Indiana follows a fault-based auto insurance system. That means a driver who causes an accident is liable for injuries and other damages. In Indiana, motorists injured in a car accident can seek compensation from at-fault parties for their losses. They may file a claim with the at-fault driver’s insurance policy or a car accident lawsuit against the at-fault party to pursue maximum compensation.
To file a car accident lawsuit in Indiana, you should take the following steps.
Before you can set the legal process in motion, your attorney may take this time to investigate the cause of the crash and gather vital evidence to support your case. Your attorney wants to collect as much information about the incident as possible so they can outline your options for pursuing compensation for your injuries.
File a Demand Letter
The next step your attorney will want to take involves filing a demand letter. This letter goes to the at-fault party or their insurer. It offers an overview of your claim and lists how much your attorney believes your case is worth.
Find Out Which Court Has Jurisdiction Over the Lawsuit
After your attorney sends the demand letter, you can expect to hear back from the at-fault party of their insurer. If pursuing a personal injury lawsuit gives you the best chance at recovering the compensation you need, your attorney must determine which court has jurisdiction over your case. In most cases, the court in the county where the accident occurred has jurisdiction. For example, accidents occurring in Fort Wayne typically get filed in Allen County. The circumstances of your case will help your attorney decide where to file.
File a Complaint
The first formal step to filing a personal injury lawsuit is to file a complaint. A complaint is a legal document submitted to the appropriate court. It states that you, the plaintiff, want to take legal action against the at-fault individual or their insurer. The complaint must outline the alleged facts and merits of your case. You must also include information about your request for compensation. Your attorney can help calculate the value of your case.
Get a Response from the Defendant
Once the defendant has the complaint and request for damages, they must file a response. The defendant typically has a limited timeframe to file one. The defendant can respond in one of the following ways:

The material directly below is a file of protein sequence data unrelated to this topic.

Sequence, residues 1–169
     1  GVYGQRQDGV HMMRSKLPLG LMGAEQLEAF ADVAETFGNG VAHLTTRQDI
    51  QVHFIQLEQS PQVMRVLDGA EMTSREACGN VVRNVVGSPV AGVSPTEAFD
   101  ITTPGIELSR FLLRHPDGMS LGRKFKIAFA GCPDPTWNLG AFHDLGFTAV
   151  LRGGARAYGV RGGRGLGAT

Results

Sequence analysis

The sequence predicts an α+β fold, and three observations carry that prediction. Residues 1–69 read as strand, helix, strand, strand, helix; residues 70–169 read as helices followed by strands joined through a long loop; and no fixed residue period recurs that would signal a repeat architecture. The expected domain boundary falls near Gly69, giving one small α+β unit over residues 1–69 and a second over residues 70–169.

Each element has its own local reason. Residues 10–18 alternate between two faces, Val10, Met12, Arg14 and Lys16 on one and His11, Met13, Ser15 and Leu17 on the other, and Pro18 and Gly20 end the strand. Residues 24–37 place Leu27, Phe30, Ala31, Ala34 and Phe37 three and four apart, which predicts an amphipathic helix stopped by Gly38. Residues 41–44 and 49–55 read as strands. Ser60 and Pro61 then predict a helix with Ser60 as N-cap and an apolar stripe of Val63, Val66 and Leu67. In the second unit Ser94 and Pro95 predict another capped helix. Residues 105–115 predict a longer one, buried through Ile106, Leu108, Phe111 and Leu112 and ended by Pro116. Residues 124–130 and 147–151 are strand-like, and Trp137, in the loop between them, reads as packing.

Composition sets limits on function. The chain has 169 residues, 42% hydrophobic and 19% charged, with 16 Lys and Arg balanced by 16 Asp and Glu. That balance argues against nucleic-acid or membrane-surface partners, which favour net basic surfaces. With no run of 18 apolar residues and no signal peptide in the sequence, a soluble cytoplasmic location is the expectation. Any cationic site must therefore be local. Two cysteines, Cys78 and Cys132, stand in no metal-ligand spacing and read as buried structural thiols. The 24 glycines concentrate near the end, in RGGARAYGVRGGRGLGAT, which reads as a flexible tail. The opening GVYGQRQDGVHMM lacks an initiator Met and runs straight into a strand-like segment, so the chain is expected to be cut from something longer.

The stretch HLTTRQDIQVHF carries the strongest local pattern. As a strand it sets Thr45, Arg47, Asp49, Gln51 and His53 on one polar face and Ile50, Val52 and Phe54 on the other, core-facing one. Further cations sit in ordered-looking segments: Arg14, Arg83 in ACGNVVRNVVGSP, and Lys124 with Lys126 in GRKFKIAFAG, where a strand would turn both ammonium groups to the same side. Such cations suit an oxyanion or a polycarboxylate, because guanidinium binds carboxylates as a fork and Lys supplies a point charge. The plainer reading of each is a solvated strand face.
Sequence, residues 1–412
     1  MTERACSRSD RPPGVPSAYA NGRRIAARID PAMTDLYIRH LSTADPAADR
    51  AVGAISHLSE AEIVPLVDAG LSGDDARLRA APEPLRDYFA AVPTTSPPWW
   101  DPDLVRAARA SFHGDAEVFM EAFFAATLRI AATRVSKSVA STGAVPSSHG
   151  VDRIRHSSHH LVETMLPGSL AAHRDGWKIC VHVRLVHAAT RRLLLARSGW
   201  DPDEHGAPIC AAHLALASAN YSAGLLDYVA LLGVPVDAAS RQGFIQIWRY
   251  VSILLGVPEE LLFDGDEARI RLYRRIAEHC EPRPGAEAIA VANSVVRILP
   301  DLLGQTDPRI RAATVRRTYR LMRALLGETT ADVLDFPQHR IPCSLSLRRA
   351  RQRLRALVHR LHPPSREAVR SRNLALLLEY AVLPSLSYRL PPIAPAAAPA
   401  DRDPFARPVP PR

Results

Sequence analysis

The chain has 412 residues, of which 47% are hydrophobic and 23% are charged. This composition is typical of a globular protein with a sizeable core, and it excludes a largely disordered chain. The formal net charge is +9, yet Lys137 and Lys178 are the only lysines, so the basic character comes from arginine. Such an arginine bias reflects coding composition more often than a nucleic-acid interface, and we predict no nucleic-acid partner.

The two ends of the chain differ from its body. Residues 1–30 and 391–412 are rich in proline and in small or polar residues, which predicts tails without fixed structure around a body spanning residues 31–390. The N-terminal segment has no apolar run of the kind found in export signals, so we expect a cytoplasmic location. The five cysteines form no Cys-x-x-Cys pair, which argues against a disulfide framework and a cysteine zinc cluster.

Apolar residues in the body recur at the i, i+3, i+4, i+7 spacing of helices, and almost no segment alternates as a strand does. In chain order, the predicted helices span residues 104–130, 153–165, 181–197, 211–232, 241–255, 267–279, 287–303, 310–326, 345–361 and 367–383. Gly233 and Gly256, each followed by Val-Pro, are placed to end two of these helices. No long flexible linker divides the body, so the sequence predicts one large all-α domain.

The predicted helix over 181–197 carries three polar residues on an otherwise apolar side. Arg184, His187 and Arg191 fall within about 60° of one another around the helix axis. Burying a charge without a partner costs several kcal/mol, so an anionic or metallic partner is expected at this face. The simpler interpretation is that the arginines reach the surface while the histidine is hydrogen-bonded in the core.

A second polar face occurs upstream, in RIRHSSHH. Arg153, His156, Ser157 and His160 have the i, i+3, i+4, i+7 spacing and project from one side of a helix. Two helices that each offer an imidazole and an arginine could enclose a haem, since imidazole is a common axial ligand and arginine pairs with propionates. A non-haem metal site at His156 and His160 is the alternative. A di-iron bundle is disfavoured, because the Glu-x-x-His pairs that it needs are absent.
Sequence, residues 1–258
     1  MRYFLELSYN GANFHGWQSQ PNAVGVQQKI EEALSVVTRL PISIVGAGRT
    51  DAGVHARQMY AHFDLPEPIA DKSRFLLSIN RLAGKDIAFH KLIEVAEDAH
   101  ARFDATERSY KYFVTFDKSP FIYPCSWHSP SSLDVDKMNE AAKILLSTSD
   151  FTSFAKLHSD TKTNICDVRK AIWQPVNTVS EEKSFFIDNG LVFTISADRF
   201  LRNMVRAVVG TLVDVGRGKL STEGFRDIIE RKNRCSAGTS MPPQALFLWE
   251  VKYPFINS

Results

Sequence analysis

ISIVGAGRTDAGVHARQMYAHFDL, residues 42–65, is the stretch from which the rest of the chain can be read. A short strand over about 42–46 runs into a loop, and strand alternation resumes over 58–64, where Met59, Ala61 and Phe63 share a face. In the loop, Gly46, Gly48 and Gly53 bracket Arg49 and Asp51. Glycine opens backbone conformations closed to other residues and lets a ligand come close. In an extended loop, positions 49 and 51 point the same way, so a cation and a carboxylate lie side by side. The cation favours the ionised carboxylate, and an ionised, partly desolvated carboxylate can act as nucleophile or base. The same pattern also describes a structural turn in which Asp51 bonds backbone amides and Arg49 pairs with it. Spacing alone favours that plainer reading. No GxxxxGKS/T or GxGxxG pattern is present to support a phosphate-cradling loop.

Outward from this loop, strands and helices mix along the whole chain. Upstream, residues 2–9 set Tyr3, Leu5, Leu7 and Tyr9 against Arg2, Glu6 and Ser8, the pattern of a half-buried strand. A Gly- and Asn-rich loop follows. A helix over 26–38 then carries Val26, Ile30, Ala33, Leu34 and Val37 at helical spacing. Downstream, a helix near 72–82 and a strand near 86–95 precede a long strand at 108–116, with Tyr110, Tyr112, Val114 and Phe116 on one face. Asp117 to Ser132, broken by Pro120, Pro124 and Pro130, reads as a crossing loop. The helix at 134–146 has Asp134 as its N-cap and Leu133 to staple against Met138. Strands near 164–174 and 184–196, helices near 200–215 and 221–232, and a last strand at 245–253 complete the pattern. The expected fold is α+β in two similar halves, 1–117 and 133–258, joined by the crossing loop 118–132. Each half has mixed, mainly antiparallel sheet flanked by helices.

- File a motion to dismiss – The defendant may request a motion to dismiss your case, meaning they ask the court to drop it. The most common reasons for asking for dismissal include insufficient evidence or lack of jurisdiction. Cases can also face dismissal if filed after the statute of limitations expires.
- File a motion for a more definitive statement – The opposing attorney may file a motion for a more definitive statement if they require more information before deciding to move forward. It may also be a tactic to probe for more details or see whether the plaintiff has the evidence to meet the “standard of proof” in a civil lawsuit.
- File a counter-lawsuit – The defendant may wish to file a counter-lawsuit against the plaintiff in response to the complaint.
- Settle the case out of court –The defendant might find it more cost-effective or easier to settle with the plaintiff out of court. If the parties can agree on the settlement terms, the case does not need to move toward a trial.
- No response – If the court receives no response, the plaintiff can request a default judgment against the defendant.
The discovery stage may be one of the longest stages in the legal process. During discovery, attorneys for both sides prepare their cases for court. Your attorney may be tenaciously working to gather more evidence, witness statements, and other documentation to support your case. Each side must share the information they collect with one another. This phase gives each side ample opportunity to review the facts of the case and prepare for anything that may come up during the trial.
During the pre-trial stage, both attorneys prepare for trial. This process can include finalizing evidence, requesting witness testimony, and seeking the testimony of outside expert witnesses. This stage is the last stage at which each side can file pre-trial motions.
If your case is not dismissed or settled out of court, it goes to trial before a judge or jury. Both sides get the opportunity to present their cases and argue their points. The length of the trial typically depends on the complexity of the case. Cases involving numerous witnesses and complicated evidence may take weeks. When each side finishes presenting their case, the judge or jury has time to decide the outcome.
Get a Verdict from a Judge or Jury
Once the judge or jury reviews the evidence presented, they issue a verdict. A verdict is the court’s decision, either siding in favor of the plaintiff or defendant. If the plaintiff wins, the court can award compensation for the plaintiff’s losses.
File an Appeal, If Necessary
Depending on the trial’s outcome, one side may file an appeal. An appeal means one side disagrees with the court’s ruling and wants another judge to review the case’s merits. If a court rules in favor of the plaintiff but the defendant appeals the decision, the financial award remains in limbo until the finalization of the appeals process.
Contact an Indiana Car Accident Lawyer
Filing a lawsuit after a car accident can be overwhelming, but you don’t have to do it alone. The legal team at Truitt Law Offices has the knowledge and resources to guide you through the process and answer your questions along the way. If you were injured in a car accident, get help seeking the compensation you deserve. Contact Truitt Law Offices to request a free consultation with our Indiana car accident lawyers.